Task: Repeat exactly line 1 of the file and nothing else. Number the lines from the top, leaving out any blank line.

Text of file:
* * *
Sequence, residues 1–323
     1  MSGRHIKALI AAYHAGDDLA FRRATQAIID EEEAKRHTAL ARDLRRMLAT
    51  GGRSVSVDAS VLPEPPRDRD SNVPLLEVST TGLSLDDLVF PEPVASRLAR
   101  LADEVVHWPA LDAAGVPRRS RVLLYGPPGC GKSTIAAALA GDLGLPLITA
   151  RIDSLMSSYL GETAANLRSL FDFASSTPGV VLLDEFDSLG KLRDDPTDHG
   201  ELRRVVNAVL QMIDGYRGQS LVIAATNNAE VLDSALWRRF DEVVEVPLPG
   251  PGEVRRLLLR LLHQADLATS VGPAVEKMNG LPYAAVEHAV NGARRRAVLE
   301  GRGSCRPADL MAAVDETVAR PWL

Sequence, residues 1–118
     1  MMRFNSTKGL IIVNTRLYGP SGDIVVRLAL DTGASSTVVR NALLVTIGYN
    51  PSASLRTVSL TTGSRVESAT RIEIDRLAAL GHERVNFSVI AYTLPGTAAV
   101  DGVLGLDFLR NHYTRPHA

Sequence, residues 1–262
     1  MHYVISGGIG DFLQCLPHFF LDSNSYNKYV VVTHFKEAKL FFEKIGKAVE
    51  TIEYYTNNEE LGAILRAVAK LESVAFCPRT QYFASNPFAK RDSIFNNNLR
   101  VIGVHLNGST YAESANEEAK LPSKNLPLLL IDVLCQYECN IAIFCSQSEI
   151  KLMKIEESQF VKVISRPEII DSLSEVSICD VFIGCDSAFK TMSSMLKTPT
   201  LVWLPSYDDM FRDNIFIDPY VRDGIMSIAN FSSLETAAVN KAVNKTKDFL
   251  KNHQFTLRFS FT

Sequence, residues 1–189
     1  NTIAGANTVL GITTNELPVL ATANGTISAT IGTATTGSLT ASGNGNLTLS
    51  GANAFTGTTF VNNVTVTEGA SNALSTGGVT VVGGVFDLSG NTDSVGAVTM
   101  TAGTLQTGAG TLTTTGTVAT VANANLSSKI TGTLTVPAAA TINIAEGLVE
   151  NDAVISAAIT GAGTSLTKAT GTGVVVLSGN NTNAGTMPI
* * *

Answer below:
Sequence, residues 1–323